“Once in a while you get shown the light
In the strangest of places if you look at it right.”

Jerry Garcia/ Robert Hunter

I remember well my Bar Mitzvah. It took place May 22, 1965 and was one of the happiest weekends of my life. My parents, humble people from modest backgrounds, were so proud of the event and equally proud that they had just completed, in time for the party at our home, the addition to the living room. Without it the crowd would have overwhelmed the room.

And then my connection to Judaism ended for about a decade.

It was not until I spent four years at Boston College, a Jesuit university, that my Jewish persona would re-emerge — not because I experienced anti-Jewish sentiments but primarily due to a feeling of being the “other.” That, coupled with a year of wandering throughout Europe and its Jewish sites, as well as my first visit to Israel, cemented my Jewish identity.  I came to appreciate my Judaism as central to who I was as a person. In retrospect, I see it as the beginning of a journey of self-discovery.

I recall equally well my interview with The Wexner Foundation. It was 1990 and I was a finalist for the Wexner Heritage Program in Boston. It took place with two of the Foundation’s principals who have since moved on. The antagonism of that experience is memorable. We argued extensively about what I did in the Jewish community and its relevance. They were clearly testing me and I reveled in that examination. I was committed to them knowing me as I was. If I were selected:  great.  If not:  so be it.  Little did I know that the Wexner experience would “light up” my life in ways I could never imagine during that interview.

Looking back at the two years I spent in the Wexner Heritage Program with extraordinary colleagues and teachers, I am overwhelmed by the blessings I enjoyed. Yes, I was being shown the light in what I had previously considered the “strangest of places”, namely Jewish texts and teachings. The intellectual wealth of the Wexner teachers began for me with an introduction to basic Judaism taught by Deborah Lipstadt (memorably brilliant does not even begin to describe her). Larry Hoffman, Chava Tirosh Rothschild, Joseph Telushkin and Yitz  Greenberg were among the many who would share their inestimable wisdom with me and the other ​members. My classmates were varied Jewishly. While I had my passions (notably Israel, peace, coexistence and human rights), others had different passions or similar passions played out differently. Once again, I was shown the “light” in unexpected places and from unexpected sources. That continues to this very day.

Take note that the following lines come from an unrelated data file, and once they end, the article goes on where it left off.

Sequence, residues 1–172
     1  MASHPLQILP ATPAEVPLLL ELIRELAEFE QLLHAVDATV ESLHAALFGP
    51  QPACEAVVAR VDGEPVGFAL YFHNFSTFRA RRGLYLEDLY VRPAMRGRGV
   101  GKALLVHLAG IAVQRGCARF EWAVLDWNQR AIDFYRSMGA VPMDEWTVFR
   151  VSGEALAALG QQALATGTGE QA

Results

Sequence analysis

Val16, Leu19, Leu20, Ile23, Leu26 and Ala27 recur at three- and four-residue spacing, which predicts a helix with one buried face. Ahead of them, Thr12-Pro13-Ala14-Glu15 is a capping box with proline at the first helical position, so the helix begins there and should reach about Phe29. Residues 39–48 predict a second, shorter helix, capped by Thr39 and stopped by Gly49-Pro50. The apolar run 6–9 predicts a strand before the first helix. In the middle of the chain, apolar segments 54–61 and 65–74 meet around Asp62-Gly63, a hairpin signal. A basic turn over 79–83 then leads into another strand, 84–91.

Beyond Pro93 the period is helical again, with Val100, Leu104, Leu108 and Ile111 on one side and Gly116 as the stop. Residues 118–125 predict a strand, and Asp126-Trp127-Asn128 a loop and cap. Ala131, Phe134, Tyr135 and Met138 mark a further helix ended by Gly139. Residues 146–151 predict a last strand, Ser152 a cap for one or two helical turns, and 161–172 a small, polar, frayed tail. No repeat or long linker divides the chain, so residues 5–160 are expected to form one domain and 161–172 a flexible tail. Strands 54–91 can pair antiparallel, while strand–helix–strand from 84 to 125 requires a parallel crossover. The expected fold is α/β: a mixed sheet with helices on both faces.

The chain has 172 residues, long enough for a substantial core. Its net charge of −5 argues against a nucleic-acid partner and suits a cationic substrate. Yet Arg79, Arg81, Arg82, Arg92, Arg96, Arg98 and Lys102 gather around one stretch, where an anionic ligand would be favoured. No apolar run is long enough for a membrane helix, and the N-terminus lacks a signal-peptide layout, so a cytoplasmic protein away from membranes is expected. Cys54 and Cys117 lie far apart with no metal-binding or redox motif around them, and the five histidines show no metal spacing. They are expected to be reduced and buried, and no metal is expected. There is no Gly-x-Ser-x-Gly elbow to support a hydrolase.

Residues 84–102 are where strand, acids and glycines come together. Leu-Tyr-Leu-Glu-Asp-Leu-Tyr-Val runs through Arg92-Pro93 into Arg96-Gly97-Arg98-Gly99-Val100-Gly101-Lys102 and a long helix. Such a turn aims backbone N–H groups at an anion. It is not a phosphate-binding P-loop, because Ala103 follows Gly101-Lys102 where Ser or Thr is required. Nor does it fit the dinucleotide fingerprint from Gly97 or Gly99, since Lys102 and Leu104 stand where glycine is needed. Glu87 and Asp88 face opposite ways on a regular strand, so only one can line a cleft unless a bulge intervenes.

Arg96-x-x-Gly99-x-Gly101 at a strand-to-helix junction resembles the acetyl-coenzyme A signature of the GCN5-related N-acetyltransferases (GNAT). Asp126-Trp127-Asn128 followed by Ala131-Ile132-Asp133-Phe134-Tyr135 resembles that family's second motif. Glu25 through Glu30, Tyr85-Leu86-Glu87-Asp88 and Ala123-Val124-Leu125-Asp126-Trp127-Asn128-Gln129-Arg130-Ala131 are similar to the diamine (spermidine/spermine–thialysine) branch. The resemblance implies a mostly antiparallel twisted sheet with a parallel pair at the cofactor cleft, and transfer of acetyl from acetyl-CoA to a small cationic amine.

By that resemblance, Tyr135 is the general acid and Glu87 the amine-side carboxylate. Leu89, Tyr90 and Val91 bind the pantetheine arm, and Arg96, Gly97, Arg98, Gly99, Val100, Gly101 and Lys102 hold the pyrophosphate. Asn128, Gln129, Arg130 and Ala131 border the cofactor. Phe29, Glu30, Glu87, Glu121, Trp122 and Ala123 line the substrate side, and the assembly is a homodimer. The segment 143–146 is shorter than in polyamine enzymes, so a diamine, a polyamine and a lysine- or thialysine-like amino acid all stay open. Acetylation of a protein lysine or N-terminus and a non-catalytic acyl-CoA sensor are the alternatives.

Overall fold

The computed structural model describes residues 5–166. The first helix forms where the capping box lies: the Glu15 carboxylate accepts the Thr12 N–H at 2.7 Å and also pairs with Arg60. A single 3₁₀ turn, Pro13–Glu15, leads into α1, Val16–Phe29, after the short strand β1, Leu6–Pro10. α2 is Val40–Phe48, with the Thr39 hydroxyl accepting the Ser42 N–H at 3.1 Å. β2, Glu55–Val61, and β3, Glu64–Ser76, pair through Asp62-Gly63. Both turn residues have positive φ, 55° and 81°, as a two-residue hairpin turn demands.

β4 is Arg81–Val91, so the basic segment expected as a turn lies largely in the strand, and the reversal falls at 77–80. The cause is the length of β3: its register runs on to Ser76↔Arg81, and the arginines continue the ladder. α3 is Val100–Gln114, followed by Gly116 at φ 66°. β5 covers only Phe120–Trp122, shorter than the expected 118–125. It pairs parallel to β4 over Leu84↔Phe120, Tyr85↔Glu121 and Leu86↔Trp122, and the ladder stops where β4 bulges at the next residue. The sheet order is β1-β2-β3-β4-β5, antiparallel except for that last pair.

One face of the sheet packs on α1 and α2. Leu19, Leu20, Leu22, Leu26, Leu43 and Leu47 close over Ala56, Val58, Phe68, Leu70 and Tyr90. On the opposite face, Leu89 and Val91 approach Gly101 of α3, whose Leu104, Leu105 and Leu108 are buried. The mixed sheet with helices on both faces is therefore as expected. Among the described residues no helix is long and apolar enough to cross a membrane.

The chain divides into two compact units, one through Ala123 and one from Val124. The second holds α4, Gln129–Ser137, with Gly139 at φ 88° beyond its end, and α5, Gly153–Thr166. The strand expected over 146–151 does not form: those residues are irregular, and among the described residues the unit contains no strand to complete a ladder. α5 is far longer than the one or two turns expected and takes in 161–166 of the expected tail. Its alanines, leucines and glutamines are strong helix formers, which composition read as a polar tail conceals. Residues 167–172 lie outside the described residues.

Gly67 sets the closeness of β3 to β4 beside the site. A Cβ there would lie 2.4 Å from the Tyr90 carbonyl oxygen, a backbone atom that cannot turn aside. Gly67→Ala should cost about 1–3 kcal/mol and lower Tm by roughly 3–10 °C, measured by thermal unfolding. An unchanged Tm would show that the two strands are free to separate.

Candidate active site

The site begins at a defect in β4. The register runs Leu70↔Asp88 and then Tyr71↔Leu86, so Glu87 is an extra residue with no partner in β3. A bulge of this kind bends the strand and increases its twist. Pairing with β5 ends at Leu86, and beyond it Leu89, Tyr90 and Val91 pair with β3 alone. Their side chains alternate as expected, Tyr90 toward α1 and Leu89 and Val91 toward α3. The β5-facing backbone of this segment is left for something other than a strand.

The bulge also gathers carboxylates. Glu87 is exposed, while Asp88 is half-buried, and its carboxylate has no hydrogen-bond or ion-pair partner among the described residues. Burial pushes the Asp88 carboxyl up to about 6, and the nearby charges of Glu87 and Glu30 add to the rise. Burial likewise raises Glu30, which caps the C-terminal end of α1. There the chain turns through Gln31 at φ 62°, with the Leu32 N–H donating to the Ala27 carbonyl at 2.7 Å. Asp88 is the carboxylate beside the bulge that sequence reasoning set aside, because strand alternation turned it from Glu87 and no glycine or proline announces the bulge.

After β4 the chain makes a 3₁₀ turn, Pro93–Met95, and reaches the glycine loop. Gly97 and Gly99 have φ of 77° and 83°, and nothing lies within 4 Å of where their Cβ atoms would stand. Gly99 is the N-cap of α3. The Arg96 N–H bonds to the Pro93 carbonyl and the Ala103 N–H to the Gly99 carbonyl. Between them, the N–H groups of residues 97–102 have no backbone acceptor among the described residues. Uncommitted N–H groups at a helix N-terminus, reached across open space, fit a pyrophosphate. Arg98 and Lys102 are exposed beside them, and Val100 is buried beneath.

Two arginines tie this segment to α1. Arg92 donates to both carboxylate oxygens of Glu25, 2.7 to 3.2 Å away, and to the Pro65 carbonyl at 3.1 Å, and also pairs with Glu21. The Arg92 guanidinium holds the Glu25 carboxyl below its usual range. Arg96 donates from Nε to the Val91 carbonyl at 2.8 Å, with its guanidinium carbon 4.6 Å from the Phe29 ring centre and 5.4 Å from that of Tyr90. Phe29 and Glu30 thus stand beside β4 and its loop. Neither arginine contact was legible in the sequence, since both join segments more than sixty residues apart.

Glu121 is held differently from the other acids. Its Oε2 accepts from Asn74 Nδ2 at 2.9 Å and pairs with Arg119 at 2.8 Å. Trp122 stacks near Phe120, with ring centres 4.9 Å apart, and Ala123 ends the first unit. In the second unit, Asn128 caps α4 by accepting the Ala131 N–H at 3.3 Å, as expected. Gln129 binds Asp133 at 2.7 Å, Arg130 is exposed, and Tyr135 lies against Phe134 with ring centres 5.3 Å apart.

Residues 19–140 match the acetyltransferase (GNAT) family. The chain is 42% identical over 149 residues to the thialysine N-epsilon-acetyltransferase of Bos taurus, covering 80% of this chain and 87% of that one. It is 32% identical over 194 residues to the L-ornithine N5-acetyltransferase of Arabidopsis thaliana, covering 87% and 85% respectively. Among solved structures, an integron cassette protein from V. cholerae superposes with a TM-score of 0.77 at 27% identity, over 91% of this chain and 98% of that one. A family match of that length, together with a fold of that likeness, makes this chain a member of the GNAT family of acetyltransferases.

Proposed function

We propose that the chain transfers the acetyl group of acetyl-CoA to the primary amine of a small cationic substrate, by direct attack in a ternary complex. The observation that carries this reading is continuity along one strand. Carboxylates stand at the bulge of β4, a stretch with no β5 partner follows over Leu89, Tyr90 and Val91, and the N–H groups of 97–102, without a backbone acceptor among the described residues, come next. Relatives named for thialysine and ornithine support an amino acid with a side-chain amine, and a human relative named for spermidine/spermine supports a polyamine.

What amazes me even today  is how often I run into “Wexners” engaged in the most interesting pursuits — be they Heritage alumni, Graduate Fellows pursuing a life of professional Judaism or Israeli “Wexners”. Often, what they are doing and who they are leaves me speechless. Their accomplishments, both within the Jewish community and beyond, are noteworthy and impressive. As a member of the Heritage Alumni Council, I am repeatedly exposed to Heritage alumni who are breaking barriers, expanding horizons and helping to repair the world. So, too, the Graduate Fellows, so often in the news or heading new initiatives, convince me the world will, in the end, be repaired. Being a Bostonian has afforded me the opportunity to meet many of the Israeli Wexner Fellows over the years, some of whom have become some of my dearest friends and the object of my greatest admiration.

“Storyteller makes no choice, soon you will not hear his (her) voice.
His (her) job is to shed light, not to master.”


The excitement generated around the 30th anniversary of this singular institution has been inspiring. As the date approaches, I hear from more and more colleagues wondering who will attend and looking forward to sharing the experience. Having so many wondrous people in one place will surely be magical. Sharing our stories, learning together, rekindling memories will no doubt leave us all breathless and eager for more. Hopefully, we will meet again for the 40th, 50th and additional anniversaries well into the future. 

Most importantly, let us remember the importance each of us can play not in mastering an issue or a problem, but in shedding light on it, and thus enabling us to start the work even if others need to finish it.

Best wishes to all for a time well spent together, and infinite thanks to our unique benefactors and the hard working, inspirational professionals at the Foundation who are making such a gift available to us yet again.

Geoffrey H. Lewis, an alum of the Wexner Heritage Program (Boston 2) and a delegate to the Wexner Heritage Alumni Council, is a partner at a law firm concentrating in trial work, including family law and securities arbitrations. He also engages in substantial business development work in Israel. His major lay leadership work revolves around the Israel-Diaspora relationship and issues related to peace, Arab-Jewish coexistence and inter-religious dialogue. Geoffrey is a member of the Board of the Israel Policy Forum, a member of the Board of the Jewish Community Centers of Greater Boston and Member (and former Chair) of the Israel and Overseas Committee of the Combined Jewish Philanthropies. He was also a former President of the Jewish Community Relations Council of Greater Boston. Geoffrey can be reached at glewis@kcl-law.com.​